Of course terpenes are not only responsible for smell and taste
— they also have therapeutic effects of their own. When combined with the cannabinoids and other chemicals in the cannabis plant, they are said to create what is known as the “entourage effect” — that is, they work in concert in a way that goes beyond what each of them can do individually.
“Full-spectrum” hemp and cannabis products take advantage of the entourage effect by extracting not only one cannabinoid like CBD, but the full terpene and flavonoid profile as well.
Flavonoids, a lesser-known group of chemicals in cannabis and a wide variety of other plants and fungi, are also responsible for the color of cannabis flowers. For instance, anthocyanins are responsi- ble for the deep purple hues seen in many popular cannabis strains. Flavonoids also affect the taste and aroma of cannabis flowers, and possibly the plant’s therapeutic effects.
Highly common terpenes in cannabis and some of their attributes include:
How CBD Extracts Are Made
There are a number of types of cannabis products on the market today, from dried flower that is smoked and vaporized to various formulations of extracts sold as tinctures, oils, balms, and creams.
One of the most common forms of extraction is CO2 extraction.
Other methods include ethanol, butane, and isopropyl alcohol extraction. These methods involve pumping the gas or solvent into a chamber with the cannabis material, allowing the solvent to absorb the active ingredients, and then removing the solvent or gas, leaving behind the desired cannabinoids and other chemicals.
While some of those extracts are isolates, meaning they contain only one active ingredient like CBD, there are also full-spectrum and broad-spectrum extracts. Full-spectrum cannabis or hemp products include the full gamut of cannabinoids, terpenes, and flavonoids contained in the plant. Broad spectrum products contain most of the full spectrum but with the THC removed.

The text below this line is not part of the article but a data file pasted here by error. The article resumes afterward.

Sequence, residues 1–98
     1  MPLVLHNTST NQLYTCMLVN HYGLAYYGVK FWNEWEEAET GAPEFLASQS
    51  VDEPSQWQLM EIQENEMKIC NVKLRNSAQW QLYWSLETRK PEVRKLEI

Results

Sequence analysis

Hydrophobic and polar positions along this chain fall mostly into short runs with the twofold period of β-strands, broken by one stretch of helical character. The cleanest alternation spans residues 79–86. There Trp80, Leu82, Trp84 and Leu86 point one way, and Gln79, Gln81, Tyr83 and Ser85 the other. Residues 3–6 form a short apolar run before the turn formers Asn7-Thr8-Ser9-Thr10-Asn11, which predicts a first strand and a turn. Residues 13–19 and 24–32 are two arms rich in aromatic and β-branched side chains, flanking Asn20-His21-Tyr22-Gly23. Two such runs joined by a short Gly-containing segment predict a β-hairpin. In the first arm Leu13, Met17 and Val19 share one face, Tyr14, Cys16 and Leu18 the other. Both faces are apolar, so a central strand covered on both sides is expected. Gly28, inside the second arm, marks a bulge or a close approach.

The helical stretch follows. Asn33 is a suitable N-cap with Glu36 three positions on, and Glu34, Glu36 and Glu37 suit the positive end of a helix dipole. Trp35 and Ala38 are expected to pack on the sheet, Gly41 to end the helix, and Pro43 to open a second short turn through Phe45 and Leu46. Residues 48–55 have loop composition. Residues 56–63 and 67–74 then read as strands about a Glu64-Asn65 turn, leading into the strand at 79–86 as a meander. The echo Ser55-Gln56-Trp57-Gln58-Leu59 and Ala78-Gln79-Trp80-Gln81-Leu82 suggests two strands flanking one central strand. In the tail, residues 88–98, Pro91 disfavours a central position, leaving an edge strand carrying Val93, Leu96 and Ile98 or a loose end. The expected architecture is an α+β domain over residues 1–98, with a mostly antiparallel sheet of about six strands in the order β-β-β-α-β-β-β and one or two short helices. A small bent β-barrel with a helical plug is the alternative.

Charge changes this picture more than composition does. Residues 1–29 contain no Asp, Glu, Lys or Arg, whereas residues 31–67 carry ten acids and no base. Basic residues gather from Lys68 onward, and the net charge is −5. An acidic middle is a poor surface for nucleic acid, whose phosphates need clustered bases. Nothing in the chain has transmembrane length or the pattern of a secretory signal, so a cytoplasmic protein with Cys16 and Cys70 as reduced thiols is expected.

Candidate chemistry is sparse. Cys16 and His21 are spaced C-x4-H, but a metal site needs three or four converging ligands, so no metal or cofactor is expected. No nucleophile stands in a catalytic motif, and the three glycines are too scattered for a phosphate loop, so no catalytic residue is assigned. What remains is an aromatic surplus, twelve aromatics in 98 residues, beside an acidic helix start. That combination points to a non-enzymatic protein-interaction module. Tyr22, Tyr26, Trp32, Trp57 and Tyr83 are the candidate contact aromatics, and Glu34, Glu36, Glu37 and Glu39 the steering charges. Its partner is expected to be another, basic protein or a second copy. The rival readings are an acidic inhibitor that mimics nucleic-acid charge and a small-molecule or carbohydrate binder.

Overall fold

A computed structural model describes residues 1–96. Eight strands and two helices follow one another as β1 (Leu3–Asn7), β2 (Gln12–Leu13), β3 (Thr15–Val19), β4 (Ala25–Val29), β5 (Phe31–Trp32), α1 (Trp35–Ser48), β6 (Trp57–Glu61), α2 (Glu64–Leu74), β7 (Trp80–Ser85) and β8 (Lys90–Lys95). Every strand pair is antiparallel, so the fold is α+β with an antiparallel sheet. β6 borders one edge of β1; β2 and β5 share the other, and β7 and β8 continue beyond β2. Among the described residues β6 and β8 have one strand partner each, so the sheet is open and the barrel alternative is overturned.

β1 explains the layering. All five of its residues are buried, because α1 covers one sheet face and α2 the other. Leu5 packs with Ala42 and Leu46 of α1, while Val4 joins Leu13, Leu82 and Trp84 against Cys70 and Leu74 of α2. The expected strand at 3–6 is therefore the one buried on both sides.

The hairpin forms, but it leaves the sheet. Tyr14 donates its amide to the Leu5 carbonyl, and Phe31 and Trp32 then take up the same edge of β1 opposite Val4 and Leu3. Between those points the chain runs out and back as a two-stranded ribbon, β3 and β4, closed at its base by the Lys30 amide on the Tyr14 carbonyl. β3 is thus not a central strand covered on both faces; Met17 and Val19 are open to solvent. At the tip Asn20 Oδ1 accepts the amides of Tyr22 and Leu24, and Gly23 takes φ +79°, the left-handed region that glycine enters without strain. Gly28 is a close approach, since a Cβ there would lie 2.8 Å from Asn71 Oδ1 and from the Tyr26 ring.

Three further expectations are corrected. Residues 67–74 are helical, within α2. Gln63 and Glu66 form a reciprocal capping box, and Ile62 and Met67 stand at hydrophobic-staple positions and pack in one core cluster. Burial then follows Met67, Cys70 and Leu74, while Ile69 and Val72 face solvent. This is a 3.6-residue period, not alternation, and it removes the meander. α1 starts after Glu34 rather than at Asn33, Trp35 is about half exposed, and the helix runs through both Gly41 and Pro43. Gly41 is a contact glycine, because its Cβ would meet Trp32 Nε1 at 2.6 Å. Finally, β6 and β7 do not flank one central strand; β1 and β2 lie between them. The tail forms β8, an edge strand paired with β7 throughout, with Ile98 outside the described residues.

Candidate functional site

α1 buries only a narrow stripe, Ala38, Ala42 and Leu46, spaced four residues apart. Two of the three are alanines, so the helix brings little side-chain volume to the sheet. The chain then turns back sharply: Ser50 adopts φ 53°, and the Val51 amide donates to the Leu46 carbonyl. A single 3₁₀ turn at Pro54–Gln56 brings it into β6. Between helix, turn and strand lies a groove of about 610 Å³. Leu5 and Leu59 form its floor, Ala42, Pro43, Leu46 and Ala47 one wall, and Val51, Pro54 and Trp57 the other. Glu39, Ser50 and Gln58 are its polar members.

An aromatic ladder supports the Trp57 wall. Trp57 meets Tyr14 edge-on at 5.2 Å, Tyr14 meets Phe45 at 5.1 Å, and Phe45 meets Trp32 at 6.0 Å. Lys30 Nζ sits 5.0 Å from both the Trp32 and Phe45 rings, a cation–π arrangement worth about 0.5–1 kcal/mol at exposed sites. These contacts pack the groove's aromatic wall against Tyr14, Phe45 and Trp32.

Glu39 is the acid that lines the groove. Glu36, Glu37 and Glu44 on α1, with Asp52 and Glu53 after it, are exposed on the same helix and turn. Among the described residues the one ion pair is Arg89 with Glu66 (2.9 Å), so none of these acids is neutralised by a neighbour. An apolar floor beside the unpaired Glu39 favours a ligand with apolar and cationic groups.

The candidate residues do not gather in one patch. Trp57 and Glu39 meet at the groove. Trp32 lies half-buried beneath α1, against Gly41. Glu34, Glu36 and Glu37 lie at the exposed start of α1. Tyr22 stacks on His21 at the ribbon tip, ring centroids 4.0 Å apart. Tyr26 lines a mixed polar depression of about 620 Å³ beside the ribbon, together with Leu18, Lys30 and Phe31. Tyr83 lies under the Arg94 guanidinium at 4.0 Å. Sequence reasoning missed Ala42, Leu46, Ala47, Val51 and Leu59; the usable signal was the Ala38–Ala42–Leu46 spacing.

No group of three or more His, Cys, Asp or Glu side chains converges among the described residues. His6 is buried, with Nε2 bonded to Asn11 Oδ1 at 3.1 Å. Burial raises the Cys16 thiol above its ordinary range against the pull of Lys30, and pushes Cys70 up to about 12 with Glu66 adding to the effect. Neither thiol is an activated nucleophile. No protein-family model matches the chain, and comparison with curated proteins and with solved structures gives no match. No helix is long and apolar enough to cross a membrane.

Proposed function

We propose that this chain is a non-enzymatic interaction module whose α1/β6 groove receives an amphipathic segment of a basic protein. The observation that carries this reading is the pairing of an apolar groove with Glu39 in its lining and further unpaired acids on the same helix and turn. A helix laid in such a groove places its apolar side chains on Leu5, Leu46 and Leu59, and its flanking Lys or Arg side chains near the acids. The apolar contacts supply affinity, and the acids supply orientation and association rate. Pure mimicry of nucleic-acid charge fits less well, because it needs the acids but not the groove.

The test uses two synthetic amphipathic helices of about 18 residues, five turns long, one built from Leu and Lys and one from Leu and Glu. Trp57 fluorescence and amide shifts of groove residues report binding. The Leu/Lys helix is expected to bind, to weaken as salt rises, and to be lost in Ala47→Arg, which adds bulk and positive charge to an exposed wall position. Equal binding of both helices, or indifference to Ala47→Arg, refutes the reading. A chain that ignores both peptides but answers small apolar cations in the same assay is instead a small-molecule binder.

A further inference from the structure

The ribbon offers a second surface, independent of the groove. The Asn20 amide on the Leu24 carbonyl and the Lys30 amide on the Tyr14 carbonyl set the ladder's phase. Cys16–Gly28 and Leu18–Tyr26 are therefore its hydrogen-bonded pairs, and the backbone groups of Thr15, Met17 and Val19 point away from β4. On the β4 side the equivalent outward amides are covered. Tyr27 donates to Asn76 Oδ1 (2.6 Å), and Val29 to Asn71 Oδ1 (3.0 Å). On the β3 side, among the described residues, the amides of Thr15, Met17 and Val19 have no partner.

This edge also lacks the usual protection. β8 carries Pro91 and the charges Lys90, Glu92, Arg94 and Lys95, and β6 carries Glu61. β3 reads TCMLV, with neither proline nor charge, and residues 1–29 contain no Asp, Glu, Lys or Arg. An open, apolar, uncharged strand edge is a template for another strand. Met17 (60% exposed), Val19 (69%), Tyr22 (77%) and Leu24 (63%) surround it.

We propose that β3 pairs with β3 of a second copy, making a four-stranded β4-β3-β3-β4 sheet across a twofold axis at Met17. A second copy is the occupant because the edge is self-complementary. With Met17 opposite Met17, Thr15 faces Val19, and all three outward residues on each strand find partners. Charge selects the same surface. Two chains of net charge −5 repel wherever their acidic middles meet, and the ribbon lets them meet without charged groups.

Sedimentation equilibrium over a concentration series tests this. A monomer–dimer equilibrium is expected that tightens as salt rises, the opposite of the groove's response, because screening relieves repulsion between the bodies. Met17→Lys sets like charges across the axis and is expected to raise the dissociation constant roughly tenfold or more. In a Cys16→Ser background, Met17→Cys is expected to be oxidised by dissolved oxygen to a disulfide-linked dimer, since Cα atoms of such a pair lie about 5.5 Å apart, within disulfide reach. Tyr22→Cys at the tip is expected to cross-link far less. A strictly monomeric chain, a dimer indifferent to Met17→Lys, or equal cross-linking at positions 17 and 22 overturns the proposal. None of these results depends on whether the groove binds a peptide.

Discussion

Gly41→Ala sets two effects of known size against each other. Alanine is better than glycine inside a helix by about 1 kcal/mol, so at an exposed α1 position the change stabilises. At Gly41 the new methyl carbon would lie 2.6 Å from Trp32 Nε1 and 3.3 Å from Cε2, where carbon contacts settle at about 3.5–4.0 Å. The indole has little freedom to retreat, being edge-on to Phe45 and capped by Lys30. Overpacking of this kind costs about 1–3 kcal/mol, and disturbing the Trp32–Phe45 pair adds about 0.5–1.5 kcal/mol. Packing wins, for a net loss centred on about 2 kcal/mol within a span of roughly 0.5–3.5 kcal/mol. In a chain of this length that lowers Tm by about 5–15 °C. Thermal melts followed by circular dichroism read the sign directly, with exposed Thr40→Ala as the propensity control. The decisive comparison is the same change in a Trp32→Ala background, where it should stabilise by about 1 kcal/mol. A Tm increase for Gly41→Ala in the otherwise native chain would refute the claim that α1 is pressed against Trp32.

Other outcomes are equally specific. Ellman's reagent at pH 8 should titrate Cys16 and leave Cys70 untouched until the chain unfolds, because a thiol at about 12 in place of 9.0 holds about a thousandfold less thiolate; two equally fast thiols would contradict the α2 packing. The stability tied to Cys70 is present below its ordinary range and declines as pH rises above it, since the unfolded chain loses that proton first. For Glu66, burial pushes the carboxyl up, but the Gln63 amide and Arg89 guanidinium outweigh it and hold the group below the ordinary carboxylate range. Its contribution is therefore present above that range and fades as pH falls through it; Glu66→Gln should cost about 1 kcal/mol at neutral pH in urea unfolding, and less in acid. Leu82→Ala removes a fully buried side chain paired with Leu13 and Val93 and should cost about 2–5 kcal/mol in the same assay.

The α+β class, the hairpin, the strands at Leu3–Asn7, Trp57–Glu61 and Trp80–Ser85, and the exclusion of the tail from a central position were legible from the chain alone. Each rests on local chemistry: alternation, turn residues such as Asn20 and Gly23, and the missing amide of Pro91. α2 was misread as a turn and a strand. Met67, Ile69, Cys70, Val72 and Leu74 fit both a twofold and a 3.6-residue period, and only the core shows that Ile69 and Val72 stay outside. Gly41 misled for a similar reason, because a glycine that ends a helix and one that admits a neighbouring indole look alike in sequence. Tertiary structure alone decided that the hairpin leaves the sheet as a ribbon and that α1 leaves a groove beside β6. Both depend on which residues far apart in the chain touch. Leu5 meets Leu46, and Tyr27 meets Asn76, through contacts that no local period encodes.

In order to take advantage of the entourage effect, opt for full-spec- trum or broad-spectrum products.
The Hemp Market Today
There is a wide range of cannabis-based products available today. Most hemp products aim to deliver CBD in one of three forms — oils, tinctures, and topicals.
Tinctures come in a dropper bottle and are meant to be placed under the tongue, which are absorbed sublingually and directly into the bloodstream. Ingestibles can also include oils, capsules, and “edi- bles” such as CBD gummies and chews.
Topicals are cannabis-based products that include a certain amount of CBD placed into a base which is then applied directly to the skin much like any other lotion or skin care product. These can be face serums or body scrubs, face moisturizers, replenishing creams, and even bath bombs. They are generally used for localized therapies.
Transdermal patches are another form of cannabis-based product, and they are designed to pass through the skin and enter the blood- stream, usually to achieve a controlled, slow release.